If you go into this expecting a southern gothic thriller, you will be disappointed. Not because it doesn’t feel like a gothic horror, but because it never delivers on the thrill. There really isn’t any suspense either, by Hitchcock definition, because the audience is never supplied with information. Incidentally, the audience will be desperately seeking information to make some sense of what is happening on screen. Levin introduces and sets up some potentially juicy plot devises and backstory, but never revisits any of them in a manner that pays off at any level. We never figure out what the family’s dark secret is, why Will has to return to his hometown (tho, it’s vaguely hinted at), or why Will’s mom’s despises her late husband. Will’s childhood sweetheart is said to be practicing a form of witchcraft, but Levin goes nowhere with that either. The family’s and town’s past and present are only connected because we are, in not so many words, told they are. So many ideas for a southern gothic thriller, but they come off as more of a stream of consciousness or outline than a coherent narrative. Even the romance between Mary and Will goes nowhere of particular interest. And when Will’s childhood friend Nick (spoiler alert) dies, you simply won’t care. This film deeply desires for you to give yourself over to it, but you won’t form an emotional connection with any aspect to the story. Perhaps this “story” can be characterized as the plot to nowhere–speaking of which–I’m still wondering where the “bridge” in the title even comes from; there is simply no bridge, past or present, in this landlocked town.

Okay, now that I got all the negative out of the way, I want to spend time on highlighting what I enjoyed in this picture. I’m often hesitant to be too professor-y or critical with a directorial debut, because I commend anyone, who for the first time, sets out to make a picture and get it distributed. So, I offer congratulations on a job well-done to Mr. Levin on completing something he set out to do. Thousands of people set out to shoot films that are often left incomplete for one reason or another. Where this film fails to deliver is the story–and no mistaking it–that is HUGE; however, Levin can use this as a learning opportunity that teaches him that he has director chops, not necessarily screenwriting chops. Should he choose to work with a different screenwriter, other than himself the next time, then he has what it takes to guide the production from page to screen.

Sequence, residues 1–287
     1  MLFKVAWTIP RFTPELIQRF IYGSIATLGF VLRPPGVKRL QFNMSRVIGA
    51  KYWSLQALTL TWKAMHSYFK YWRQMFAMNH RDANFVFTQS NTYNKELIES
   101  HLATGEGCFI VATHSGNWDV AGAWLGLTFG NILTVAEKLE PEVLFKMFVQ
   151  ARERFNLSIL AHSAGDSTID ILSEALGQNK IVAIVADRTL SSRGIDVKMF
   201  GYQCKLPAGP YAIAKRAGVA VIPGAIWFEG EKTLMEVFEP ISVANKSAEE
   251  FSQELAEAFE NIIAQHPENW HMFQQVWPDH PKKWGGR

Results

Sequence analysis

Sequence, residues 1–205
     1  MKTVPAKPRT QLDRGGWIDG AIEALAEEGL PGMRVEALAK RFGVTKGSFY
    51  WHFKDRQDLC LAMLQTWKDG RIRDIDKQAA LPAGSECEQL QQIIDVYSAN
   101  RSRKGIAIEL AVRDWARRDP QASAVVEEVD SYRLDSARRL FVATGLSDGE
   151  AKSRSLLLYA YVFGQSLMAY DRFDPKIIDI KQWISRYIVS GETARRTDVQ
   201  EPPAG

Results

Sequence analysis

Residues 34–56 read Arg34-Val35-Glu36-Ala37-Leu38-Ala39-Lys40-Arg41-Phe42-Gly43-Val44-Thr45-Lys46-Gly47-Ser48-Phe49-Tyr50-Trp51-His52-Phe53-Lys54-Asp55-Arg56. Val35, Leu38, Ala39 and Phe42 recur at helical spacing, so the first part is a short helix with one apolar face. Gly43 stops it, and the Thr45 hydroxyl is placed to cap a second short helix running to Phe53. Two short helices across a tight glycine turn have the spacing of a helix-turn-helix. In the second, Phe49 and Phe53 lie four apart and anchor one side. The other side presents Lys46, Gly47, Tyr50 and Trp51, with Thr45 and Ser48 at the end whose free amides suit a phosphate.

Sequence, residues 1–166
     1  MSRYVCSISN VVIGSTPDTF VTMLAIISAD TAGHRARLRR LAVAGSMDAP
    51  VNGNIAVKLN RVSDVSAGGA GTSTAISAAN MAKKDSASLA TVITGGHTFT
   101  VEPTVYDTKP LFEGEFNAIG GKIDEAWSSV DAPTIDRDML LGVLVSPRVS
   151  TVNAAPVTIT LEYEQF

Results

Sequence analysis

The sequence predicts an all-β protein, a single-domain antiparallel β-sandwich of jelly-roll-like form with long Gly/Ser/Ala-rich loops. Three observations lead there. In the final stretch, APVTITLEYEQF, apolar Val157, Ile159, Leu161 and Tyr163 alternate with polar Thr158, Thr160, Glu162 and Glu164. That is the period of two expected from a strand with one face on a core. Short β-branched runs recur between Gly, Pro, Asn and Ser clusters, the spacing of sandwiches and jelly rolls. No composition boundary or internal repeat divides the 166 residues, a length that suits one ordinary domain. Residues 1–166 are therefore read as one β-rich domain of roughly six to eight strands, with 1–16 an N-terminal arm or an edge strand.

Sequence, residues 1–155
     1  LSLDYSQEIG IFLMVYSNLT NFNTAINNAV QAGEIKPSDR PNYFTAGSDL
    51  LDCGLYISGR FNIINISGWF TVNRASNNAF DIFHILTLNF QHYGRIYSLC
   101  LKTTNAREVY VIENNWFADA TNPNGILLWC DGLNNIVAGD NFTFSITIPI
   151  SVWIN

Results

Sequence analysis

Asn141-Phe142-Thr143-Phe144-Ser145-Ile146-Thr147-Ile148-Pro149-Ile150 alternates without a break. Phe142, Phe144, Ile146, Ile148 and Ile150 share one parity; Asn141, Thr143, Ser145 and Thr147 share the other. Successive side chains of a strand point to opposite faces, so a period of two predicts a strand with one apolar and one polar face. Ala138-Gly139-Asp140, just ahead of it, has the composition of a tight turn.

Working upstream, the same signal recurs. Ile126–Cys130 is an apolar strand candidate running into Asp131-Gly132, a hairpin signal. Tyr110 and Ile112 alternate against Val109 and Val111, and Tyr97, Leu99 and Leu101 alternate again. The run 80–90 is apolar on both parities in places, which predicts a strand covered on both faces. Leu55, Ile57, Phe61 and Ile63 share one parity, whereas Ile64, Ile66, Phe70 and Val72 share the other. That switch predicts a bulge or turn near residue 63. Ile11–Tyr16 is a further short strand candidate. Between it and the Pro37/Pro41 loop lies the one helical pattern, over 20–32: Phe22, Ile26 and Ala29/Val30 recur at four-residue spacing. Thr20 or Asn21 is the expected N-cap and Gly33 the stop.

I am a fan of David Lynch, and Muholland Drive and the TV show Twin Peaks are among my favorites of his. Even without knowing from press materials that Levin is also a fan of Lynch, I knew it within with first five minutes of the film. The cinematography, editing, and score are all reminiscent of Lynch, specifically Twin Peaks. Levin successfully blends the macabre and mundane nature of this town in a manner that reveals that the former is contained within the latter. Furthermore, Levin crafts an atmosphere that is familiar yet foreign to Will, and by extension, the audience. Although this story feels like it should have taken place in Georgia or South Carolina, the settings in Maryland were ideally suited for Union Bridge. The factories represent the past whereas Will represents the future (or let’s be real, the present), much in the same way that his mother lives in the past, and resists living in the present. When the past and present come face to face, the blurred area between the two is where this nightmare resides. Levin’s talent for direction is also witnessed in the actors’ performances. All the performances are generally fantastic, especially Breaux’s character of Nick. Each character is right out of a Lynchian film, and works perfectly in Levin’s surreal Maryland town. There are some beautiful nuances to the technical elements that work together to create this idyllic setting surrounded by an emanation of dread. Atmospherically, Levin knows precisely what to do, and I hope to see more of his craft paired with a better story in the future.